Lithic Assemblages from the Chang Tang Region, Northern Tibet

Article excerpt


This paper presents new evidence from surface stone tool assemblages collected by George Schaller in the Chang Tang Reserve, northern Tibet, at elevations above 4500 m asl. Eighteen separate localities have yielded lithic assemblages ranging in size from a single artefact to as many as 158 specimens. A number of the assemblages contain unique Upper Palaeolithic blade and bladelet technologies. This is perhaps surprising given that true blade technologies are rare in Chinese contexts (Brantingham 1999; Gao 1999; Lin 1996; Zhang 1999). Microblade cores, blanks and tools are also found at several of the Chang Tang localities. Microblade technology is common at Chinese archaeological sites dating to the terminal Pleistocene and early Holocene (Elston et al. 1997; Lie 1998; Madsen et al. 1998). A wide range of stone raw materials was used in manufacturing these technologies. Core reduction was intensive and many of the collected artefacts show patterns of intensive retouch and recycling. The collection methods employed limit the statistical value of these assemblages. Nevertheless, the range of lithic technologies represented and the specific characteristics of raw material utilization are significant for addressing questions of the nature of foraging adaptations in this hostile environment. Indeed, these surfaces assemblages from the Chang Tang are significant for understanding not only specific aspects of East Asian prehistory, but also for broader issues concerning the range and complexity of Pleistocene forager adaptations.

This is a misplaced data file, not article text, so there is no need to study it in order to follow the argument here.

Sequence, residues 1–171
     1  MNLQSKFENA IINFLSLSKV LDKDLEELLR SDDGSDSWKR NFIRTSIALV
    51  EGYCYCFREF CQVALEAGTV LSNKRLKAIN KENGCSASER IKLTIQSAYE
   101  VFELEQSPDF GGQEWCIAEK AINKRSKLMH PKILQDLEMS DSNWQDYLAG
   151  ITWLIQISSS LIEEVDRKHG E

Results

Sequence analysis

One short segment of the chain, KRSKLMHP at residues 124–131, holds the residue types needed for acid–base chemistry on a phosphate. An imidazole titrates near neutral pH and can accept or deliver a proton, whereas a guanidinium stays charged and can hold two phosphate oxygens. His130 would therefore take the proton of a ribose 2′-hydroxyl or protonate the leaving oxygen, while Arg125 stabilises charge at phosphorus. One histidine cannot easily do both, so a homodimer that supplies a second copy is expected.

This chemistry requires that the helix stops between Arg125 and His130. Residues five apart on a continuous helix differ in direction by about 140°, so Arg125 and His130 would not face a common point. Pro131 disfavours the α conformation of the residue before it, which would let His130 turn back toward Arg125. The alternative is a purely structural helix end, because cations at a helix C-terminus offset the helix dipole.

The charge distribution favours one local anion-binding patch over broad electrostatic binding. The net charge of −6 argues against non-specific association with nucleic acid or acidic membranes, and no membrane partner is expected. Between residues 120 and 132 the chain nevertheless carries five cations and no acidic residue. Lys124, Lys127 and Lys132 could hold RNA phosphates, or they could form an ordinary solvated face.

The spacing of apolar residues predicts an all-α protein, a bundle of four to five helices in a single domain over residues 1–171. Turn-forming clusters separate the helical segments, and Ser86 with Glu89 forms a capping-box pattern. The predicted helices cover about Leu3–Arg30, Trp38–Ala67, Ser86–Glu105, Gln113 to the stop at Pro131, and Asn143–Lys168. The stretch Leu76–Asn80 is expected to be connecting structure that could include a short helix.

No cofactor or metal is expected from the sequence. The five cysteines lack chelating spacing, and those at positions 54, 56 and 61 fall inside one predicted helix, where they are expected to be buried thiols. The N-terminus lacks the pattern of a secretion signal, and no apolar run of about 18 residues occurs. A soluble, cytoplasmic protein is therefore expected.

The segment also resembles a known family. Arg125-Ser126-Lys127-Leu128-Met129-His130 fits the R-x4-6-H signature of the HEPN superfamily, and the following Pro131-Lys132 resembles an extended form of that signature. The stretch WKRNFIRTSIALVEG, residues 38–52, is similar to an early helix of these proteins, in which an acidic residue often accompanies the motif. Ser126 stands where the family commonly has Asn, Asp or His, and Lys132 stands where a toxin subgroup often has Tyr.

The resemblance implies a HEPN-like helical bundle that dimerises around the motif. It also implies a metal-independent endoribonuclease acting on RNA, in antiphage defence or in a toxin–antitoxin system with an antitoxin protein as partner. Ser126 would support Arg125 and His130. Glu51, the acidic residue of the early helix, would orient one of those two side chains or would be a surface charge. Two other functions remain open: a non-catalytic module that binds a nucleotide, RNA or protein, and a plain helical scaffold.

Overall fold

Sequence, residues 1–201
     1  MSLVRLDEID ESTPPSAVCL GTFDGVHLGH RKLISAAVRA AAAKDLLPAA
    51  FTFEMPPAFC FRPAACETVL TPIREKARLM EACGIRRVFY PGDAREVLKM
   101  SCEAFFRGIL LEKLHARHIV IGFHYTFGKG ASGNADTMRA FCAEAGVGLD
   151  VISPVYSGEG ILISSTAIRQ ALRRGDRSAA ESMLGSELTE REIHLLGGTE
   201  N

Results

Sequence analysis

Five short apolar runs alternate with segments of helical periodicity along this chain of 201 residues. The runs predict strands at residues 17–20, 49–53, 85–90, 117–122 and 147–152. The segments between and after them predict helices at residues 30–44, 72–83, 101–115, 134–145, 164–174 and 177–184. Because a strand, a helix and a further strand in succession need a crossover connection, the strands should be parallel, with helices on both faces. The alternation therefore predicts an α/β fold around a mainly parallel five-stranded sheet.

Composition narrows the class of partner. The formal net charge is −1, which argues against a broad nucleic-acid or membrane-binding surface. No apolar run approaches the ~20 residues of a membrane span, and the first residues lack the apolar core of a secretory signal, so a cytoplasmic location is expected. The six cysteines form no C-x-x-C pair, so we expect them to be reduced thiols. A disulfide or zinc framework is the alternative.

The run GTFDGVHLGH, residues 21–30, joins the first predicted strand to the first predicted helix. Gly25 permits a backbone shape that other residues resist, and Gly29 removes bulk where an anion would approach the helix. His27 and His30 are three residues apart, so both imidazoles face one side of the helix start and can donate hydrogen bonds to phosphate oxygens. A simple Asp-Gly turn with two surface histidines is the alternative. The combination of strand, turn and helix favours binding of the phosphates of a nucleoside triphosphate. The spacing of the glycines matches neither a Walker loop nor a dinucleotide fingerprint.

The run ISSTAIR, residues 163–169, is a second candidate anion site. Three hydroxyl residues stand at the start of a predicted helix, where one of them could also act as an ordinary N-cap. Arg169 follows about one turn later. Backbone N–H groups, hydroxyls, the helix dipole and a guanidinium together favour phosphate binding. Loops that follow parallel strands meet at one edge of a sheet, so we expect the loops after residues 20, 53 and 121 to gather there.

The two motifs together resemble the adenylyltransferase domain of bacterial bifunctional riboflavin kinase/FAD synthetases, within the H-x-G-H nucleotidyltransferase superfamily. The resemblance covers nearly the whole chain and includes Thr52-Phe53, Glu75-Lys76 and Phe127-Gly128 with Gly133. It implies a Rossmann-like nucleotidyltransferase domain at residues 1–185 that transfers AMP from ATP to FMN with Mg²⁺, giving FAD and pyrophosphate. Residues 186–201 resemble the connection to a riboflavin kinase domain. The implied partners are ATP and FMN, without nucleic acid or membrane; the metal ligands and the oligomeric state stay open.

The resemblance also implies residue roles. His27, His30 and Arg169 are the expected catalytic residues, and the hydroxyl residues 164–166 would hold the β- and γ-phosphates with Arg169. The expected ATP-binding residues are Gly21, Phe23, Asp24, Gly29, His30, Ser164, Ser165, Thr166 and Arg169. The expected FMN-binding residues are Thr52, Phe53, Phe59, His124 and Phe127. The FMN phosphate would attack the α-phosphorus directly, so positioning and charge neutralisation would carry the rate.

The Chang Tang Reserve

Located in the northwestern part of the Tibetan Plateau, the Chang Tang Reserve encompasses approximately 334,000 sq. km and exceeds 4500 m asl in average elevation (FIGURE 1) (Schaller 1998). The Chang Tang is bounded to the north by the Kunlun Mountains and the Xinjiang Uygur Autonomous Region, to the east by Qinghai province, and to the south and west by the `northern highway', which traverses Tibet at roughly 32 [degrees] N. The area is characterized by large internal-drainage basins, saline and brackish lakes, and broad, rolling steppes broken by hills and snow-capped mountains. The Chang Tang is presently too cold and arid to support forests, but rather is dominated by cold desert grasslands, sedges, forbs and low shrubs. Schaller & Liu (1996) divide the Chang Tang into three vegetation zones: alpine steppe, desert steppe and alpine meadows. Alpine steppe is dominant in the southeastern half of the reserve. The alpine steppe occupies elevations between 4300 and 5100 m asl and is characterized by cold, windy conditions, poor soils and 100-350 mm precipitation annually. Plant cover is sparse in the alpine steppe zone ([is less than] 30%). Species of Stipa are the dominant plants followed by other graminoids, dwarf shrubs, herbaceous plants and a few legumes such as Astragalus. Desert steppe is dominant in the uninhabited northern areas and replaces alpine steppe between 34 [degrees] 30'N and 35 [degrees] N, where a mere 50-100 mm of precipitation fails annually. The diversity of plant species in the desert steppe zone is similar to the alpine steppe, though plant cover is significantly more sparse. Alpine meadows dominate the landscape where annual precipitation exceeds 350-400 mm. Alpine meadows are found in areas of east Qinghai, and in Tibet along the Lhasa-Golmud highway and as far west as Seling Co (Co = `lake'). Within the Chang Tang, alpine meadows are limited to riparian contexts along streams, seepages and swamps. Short sedges (Kobresia spp.) and forbs are the dominant vegetation types in the apline meadow zone.


These three vegetation zones provide an array of seasonally available plants that support six wild and four domestic ungulate species. The wild ungulates include the Tibetan antelope (chiru), Tibetan gazelle, Tibetan argali, blue sheep, Tibetan wild ass (kiang) and the wild yak (Schaller 1998). …